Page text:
Hot Routes: Super Hot Edition

1 Feb

The Super Bowl

By this point, virtually all of the possible Super Bowl story lines have been developed, examined, and mirthlessly driven into the ground by the army of media correspondents assigned to the game.  So we’ll keep the game analysis short and get right to the more important, and likely more enjoyable, part of Super Bowl week at Dan Swanky’s – the music.

 

 

Baltimore Ravens vs. San Francisco 49ers

The Pick:  Ravens (+3.5)

On paper, the 49ers look like the better team, and they look like they could be capable of winning this game by at least a touchdown.  The problem for San Francisco is that this postseason for the Ravens has been all about factors that aren’t easily reflected on paper.  Baltimore has bought in completely to every motivational opportunity thrown their way – the retirement of emotional leader Ray Lewis, rampant doubts about the reliability of Joe Flacco, internal upheaval amongst the coaching staff, oddsmakers making them huge underdogs over the last two games – and they now seem scarily calm in the run-up before the Big Game.  Nothing can faze them, and I feel much more confident backing their experience than I do a rookie QB and a team filled with first-time Super Bowl competitors.

The Album:  Regions of Light and Sound of God by Jim James

This year’s Super Bowl is going down in New Orleans, and for somewhat understandable reasons, I’ve always associated the Big Easy with rocker/soul man/weirdo savant/life guru Jim James.  The most obvious reasons for the connection between the two have been elucidated by James himself – he’s publicly professed a love for the deep musical legacies of New Orleans, and elements of the city’s particular flavors of jazz, funk, and soul can be heard both in My Morning Jacket (James’ main band) and his solo outings.

Beyond that, there’s also a sense of eerie and utterly compelling mysticism hovering within my impression of both the city and the musician.  James’ music has the ability to conjure up images of spooky, humid and swampy lands where strangely wondrous things are happening in the shadows; those descriptors could certainly underlie a heavily romanticized version of New Orleans that may or may not still exist.

James new solo album, Regions of Light and Sound of God, is an excellent introduction to his unique and atmospheric blend of the aforementioned jazz, funk, and soul touches.  Whereas My Morning Jacket often derives a lot of its power from James’ virtuosic electric guitar lines, Regions finds focal points with swelling strings, strutting bass lines, and smoky brass notes.  The latter comes primarily in the form of a saxophone that appears several times throughout the record, and which sounds steeped in the kind of spooky, New Orleans mysticism mentioned previously.  A Voodoo Sax, if you will.

Jim James and his musical leanings are filled with seemingly contradictory themes, and Regions reflects that.  As a white, shaggy-haired frontman of a rock band, James wouldn’t be expected to be taking musical cues from the likes of Curtis Mayfield and Al Green.  But there he is all over Regions, finding the sweet spots between delicate hymns of praise and funky sexual grooves that those soul legends pioneered.  James knows how to mix a worshipful respect of the divine with a deep-felt need to get down, and he does it with a comfortableness few other artists today have.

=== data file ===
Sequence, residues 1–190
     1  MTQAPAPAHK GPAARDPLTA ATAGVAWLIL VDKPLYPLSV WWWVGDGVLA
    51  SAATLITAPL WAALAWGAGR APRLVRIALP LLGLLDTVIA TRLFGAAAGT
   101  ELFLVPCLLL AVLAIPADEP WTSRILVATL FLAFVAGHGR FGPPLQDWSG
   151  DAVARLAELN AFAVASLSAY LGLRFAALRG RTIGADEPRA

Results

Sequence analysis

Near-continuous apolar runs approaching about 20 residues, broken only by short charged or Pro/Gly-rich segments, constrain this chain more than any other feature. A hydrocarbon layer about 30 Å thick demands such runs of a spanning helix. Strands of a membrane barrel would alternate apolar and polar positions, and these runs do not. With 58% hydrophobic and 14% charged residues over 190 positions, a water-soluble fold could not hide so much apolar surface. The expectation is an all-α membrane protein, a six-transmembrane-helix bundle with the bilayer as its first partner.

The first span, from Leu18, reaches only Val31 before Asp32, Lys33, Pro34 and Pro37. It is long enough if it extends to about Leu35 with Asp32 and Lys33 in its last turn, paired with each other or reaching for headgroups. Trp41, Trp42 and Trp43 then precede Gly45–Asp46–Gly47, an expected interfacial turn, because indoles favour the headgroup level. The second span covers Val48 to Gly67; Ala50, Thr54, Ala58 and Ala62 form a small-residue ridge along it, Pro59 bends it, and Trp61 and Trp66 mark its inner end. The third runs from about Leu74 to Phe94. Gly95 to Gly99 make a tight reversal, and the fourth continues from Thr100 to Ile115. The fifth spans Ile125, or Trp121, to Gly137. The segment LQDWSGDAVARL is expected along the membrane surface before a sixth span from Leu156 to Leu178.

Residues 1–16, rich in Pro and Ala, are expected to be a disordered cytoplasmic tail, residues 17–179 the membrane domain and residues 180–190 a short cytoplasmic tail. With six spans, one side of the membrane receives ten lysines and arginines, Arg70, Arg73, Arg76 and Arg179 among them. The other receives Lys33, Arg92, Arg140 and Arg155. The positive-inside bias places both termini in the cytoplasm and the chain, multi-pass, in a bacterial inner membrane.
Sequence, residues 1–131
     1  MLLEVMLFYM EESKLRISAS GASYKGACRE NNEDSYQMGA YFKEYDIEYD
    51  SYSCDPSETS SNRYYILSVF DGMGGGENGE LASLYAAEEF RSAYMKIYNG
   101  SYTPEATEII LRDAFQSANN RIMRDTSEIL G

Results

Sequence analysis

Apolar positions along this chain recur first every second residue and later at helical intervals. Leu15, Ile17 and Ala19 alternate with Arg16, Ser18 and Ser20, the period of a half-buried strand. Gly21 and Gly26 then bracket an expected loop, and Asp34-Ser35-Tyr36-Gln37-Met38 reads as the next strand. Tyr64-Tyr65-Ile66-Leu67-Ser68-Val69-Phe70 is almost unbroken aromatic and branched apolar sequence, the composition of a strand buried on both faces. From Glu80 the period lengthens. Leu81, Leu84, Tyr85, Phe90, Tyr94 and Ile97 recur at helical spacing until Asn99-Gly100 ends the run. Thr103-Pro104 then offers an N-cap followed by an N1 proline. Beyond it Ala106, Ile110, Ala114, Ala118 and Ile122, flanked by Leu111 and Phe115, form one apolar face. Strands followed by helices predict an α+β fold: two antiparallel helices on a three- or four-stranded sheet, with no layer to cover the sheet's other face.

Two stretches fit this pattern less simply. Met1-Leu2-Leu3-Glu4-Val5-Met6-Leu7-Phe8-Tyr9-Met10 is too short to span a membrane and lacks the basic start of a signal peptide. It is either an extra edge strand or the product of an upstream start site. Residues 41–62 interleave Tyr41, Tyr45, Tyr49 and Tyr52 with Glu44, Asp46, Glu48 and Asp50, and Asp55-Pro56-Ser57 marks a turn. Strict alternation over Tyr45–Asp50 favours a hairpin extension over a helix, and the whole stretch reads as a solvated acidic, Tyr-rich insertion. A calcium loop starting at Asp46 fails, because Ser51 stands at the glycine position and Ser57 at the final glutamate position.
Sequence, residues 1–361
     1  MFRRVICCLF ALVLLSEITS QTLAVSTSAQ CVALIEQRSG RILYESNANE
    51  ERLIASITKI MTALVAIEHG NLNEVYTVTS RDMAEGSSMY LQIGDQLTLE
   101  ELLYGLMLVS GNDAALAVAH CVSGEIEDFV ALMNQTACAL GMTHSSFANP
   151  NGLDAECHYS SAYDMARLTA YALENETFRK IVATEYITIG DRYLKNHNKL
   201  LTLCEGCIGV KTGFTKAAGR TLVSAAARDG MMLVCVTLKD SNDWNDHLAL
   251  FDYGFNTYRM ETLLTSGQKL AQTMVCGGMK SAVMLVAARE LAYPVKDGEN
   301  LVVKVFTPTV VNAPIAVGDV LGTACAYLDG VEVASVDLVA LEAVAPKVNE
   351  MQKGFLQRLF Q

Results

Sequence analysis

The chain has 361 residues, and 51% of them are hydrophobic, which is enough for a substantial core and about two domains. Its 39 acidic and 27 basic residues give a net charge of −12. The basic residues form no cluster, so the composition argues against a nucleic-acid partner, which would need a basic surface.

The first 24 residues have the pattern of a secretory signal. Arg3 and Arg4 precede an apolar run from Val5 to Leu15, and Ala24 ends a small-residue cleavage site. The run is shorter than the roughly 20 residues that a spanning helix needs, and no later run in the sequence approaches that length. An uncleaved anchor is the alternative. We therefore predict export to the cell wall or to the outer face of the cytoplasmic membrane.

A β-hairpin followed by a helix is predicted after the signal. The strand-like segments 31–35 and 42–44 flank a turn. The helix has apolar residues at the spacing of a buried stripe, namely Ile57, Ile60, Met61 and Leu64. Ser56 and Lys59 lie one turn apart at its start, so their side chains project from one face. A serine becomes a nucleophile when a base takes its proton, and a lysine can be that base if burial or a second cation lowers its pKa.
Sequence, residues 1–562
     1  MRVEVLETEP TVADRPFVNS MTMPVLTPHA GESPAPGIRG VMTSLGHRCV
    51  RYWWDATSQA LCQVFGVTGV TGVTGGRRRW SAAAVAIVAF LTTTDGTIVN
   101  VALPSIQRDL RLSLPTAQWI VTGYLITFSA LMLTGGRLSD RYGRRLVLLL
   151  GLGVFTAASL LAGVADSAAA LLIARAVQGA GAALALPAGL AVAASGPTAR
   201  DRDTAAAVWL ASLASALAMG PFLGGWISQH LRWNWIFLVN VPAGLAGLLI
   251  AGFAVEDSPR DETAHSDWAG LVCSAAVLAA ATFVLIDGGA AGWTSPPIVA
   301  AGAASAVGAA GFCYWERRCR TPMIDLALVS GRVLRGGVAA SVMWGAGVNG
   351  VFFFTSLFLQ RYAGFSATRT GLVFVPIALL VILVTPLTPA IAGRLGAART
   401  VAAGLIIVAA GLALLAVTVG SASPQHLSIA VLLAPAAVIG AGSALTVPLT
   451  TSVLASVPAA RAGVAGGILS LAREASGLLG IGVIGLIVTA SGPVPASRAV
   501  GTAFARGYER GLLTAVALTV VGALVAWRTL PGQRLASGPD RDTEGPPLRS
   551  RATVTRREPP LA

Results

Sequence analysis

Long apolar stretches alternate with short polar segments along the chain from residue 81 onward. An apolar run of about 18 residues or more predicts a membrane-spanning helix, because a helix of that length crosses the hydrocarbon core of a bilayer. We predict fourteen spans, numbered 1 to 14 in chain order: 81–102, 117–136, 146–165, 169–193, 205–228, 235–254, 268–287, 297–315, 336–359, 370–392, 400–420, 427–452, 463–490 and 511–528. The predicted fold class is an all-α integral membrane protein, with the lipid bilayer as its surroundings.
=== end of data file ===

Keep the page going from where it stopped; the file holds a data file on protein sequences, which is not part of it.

There is a darkness in the heart of rock and roll, and many of the great artists over time have been able to ride the dark edge of the music that has its roots all the way back in the swampy, Crossroads-bred blues of Robert Johnson.  Sometimes, it seems, an artist needs to dance with the devil a little bit to get some true feeling in their work.  Jim James seems to know this better than anyone, and his music reaches another level because of it.  In the slow-burning opener “State of the Art,” he sings ‘I know you need the dark / Just as much as the Sun’;  it’s a point that’s driven home through the howls and spectral falsettos he unleashes throughout the album from that point on.

At the conclusion of the record, it is due to the strength and assuredness of James’ artistic vision that the listener has a clear-eyed idea of what the artist is really about at this point in time.  As can be seen with the album title, James is an openly spiritual person – he’s not aligned with a dogmatic religion like Christianity, but he has a deep sense and respect for the divine and for how it relates to everyday life.  This laid-back spiritualism is most definitely not a new thing in the music world, but the great thing about James and his music is that he cuts his sensitive positivity with an understanding and appreciation for the dark and haunted parts of the world.  He believes and celebrates in the beauty of the world around him, and he doesn’t discriminate between the peaceful and the occasionally dangerous.

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